- Dark Souls II: This is Grave Warden Agdayne's attitude about death. "Countless souls rest here in peace. Some were rich, others poor. Some bright, some dull, but now they're all just dead. [...] Death is equitable. Accepting. Eventually, we all shall enter her embrace."
- Pod 153 from NieR: Automata sums it up neatly during Ending E.
Pod 153: Everything that lives is designed to end. They are perpetually trapped in a never-ending spiral of life and death. However...life is all about the struggle within this cycle. This is what "we" believe.
- Rise of the Tomb Raider: One of the villains is looking for the Divine Source specifically so she can cure her own terminal illness. When she finally has the treasure in her hands, Lara tries to convince her to give it back by arguing that death is inevitable.
- Grand Theft Auto V: Lamar Davis has a very self-destructive behavior as a gangster and gets himself into all sorts of life-or-death situations that his friend Franklin has to bail him out. Lamar is aware of this, but seems resigned to this lifestyle and sees nothing wrong - If people want to come after him, that's fine - it's the way the game of life is played and he isn't going to lose sleep over it.
"Nigga's want me dead, be dead themselves. I ain't gonna overreact to shit."
- From A Softer World strip: "I miss my little girl, I never said goodbye." Oh, suck it up. She won't live forever either.
- From Schlock Mercenary, here:
Haban II: Eventually, yes. Are you telling me that you know when?
- Unsounded, Ch. 3, p. 47:
Duane: If you worry over dying, Sette, you conceal it better than the surfeit of stolen coinage in your knickers.Sette: Well, everyone's got to do it, ain't they? But you'll go cacklin'-crackers thinking of it always.
- xkcd takes the concept and applies it to The Terminator.
- In one Cyanide & Happiness strip, a man comments that he ate a "Do not eat" packet (silica gel) and asks if he's going to die. His friend answers that everyone is going to die. The first man gasps in horror. "Everyone? What have I done?"
- This is the attitude of Oona the Beastmaster's worg Greyview in The Order of the Stick:
Greyview: All deaths horrible. Also inevitable. Nod. Get treat.
- One ASDFmovie skit relies on this.
Guy 1 (Points gun) You're gonna die!Guy 2 We're all gonna die.(Guy 1 contemplates this, then solemnly puts down gun).
- The second episode of Don't Hug Me I'm Scared ends with Tony the Clock singing "Don't worry, I'm sure you'll be fine. But eventually everyone runs out of time." after causing the characters to experience themselves aging and then melting.
- Whateley Universe: From Whilst Any Speaks: Chapter 4:
Aunghadhail: All things end.
- The Simpsons:
Lisa: ...Bart, I think I'm going to die!Bart: We're all going to die, Lisa.Lisa: I meant soon!Bart: So did I.
- Played for dark humour when Bart and Lisa are trapped in a terrible summer camp.
Dr. Hibbert: Now, a little death anxiety is normal. You can expect to go through five stages. The first is denial.Homer: No way! Because I'm not dying!Hibbert: The second is anger.Homer (furious): Why you little!Hibbert: After that comes fear.Homer (panicked): What's after fear? What's after fear?Hibbert: Bargaining.Homer: Doc, you gotta get me out of this! I'll make it worth your while!Hibbert: Finally, acceptance.Homer (much calmer): Well, we all gotta go sometime.Hibbert: Mr. Simpson, your progress astounds me.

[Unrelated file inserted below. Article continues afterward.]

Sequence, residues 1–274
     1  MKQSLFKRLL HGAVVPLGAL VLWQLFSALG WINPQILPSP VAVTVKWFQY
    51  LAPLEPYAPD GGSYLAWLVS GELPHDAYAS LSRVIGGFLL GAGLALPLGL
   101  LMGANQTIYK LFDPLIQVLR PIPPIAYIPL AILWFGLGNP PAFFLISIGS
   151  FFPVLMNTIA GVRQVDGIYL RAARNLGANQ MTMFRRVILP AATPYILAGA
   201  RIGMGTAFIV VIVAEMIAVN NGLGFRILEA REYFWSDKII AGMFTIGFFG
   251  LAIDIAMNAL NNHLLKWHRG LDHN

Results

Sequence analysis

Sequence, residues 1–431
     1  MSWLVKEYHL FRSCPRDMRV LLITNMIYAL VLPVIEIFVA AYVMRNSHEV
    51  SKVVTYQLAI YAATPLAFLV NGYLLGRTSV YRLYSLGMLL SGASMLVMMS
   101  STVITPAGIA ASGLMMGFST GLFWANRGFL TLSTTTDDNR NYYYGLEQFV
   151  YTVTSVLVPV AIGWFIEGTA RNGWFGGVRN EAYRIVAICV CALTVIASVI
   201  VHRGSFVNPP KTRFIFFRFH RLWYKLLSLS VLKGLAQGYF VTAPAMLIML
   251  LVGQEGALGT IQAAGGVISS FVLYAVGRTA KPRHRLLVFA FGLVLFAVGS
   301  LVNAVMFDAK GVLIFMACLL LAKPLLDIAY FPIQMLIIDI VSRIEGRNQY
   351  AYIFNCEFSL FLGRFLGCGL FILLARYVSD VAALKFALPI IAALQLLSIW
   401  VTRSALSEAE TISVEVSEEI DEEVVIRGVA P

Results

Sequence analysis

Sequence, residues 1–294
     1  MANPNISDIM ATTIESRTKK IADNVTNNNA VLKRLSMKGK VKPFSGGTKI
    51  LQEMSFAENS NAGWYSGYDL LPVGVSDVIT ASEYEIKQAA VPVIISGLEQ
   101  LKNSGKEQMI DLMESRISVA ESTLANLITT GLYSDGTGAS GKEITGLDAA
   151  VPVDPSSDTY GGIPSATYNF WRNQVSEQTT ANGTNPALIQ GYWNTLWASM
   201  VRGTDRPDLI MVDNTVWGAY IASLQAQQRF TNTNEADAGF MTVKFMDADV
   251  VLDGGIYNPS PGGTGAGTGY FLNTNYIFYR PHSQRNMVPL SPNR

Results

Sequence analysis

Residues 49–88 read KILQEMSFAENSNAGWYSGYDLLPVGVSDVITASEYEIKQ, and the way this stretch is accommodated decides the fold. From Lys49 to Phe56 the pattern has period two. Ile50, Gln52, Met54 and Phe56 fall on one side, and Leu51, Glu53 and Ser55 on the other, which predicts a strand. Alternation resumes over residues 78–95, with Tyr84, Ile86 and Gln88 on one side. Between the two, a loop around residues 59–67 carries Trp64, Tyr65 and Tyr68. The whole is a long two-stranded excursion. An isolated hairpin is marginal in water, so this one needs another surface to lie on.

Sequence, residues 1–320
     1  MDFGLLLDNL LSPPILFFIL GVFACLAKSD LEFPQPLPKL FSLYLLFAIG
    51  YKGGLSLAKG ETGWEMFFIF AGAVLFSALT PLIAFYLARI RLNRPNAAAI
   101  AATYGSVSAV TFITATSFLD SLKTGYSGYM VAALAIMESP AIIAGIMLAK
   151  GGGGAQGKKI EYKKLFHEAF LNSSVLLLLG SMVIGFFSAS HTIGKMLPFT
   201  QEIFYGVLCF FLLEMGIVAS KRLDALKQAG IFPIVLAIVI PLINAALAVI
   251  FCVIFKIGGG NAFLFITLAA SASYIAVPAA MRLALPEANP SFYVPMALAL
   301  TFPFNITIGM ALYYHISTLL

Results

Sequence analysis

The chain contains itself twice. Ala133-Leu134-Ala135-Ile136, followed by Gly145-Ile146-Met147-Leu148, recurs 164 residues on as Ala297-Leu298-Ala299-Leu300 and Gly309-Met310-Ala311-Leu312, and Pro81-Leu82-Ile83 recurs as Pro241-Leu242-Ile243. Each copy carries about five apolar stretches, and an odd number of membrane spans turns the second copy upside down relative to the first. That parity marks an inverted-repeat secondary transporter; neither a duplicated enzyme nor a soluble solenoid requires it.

- There was a weird example of this in the episode "One Fish, Two Fish, Blowfish, Blue Fish" when Homer thought he was dying:
- In one Bugs Bunny short, Bugs says "Never take life too seriously. You'll never get out of it alive!"
- The Tick: The Tick, of all people, didn't actually comprehend that people can die; there was a weird disconnect in his mind that "only dead people die" so he had to have it explained to him that everyone dies.
Tick: Everyone?Arthur: Yes, Tick.Tick: ...potatoes?Arthur: Even potatoes.Tick:...you?Arthur: *sad nod*
- In the Star vs. the Forces of Evil episode "Gift of the Card", Star buys Marco an enchanted gift card, but are informed that if Marco doesn't buy anything before it expires, they will both die. When they start to panic, the clerk mocks them for it, saying everybody dies eventually.
- Unsupervised has the episode "Fire", where the main characters are trapped in a burning building during the climax. After their initial escape attempt fails, Russ, the resident Butt-Monkey, calmly says "Oh well, we all gonna die". In his case, it's more understandable than usual considering how utterly shitty his life is.
- In The Smurfs episode "Squeaky", Papa Smurf tries to comfort Smurfette over the loss of her pet mouse by telling her that death is a natural part of life. Smurfette doesn't want to hear that and so runs away from the village until the Smurfs come and rescue her.
- The oft-quoted Latin phrase Memento mori is usually translated as "Remember your mortality", "Remember you must die", or "Remember you will die". Its usage dates back to the time of antiquity; when a Roman general was given a Triumph (victory parade), a slave was assigned to speak these words to him to remind him that even if at the moment he might be treated like one, the victorious general is not a god, and someday will die like everyone else.
- Invoked by John Maynard Keynes: "In the long run we're all dead." Though Keynes was remarking that an economic theory that looks only to the health of a system in the long run is meaningless if it overlooks short-term ups and downs.
- Practitioners of Buddhism, Judaism, Christianity, Islam, and several other religions tend to be very accepting of death, historically more so.
- Death is taken well by any culture that likes to put The "Fun" in "Funeral".
- The Stoic of the original variety, The Philosopher, holds very strongly to this. One Greek Stoic was told of his only son's death and answered, "I was aware that I had begotten a mortal."
- A popular headstone poem reads as such:
Remember me as you pass by,As you are now, so once was I,As I am now, so you will be,Prepare for death and follow me.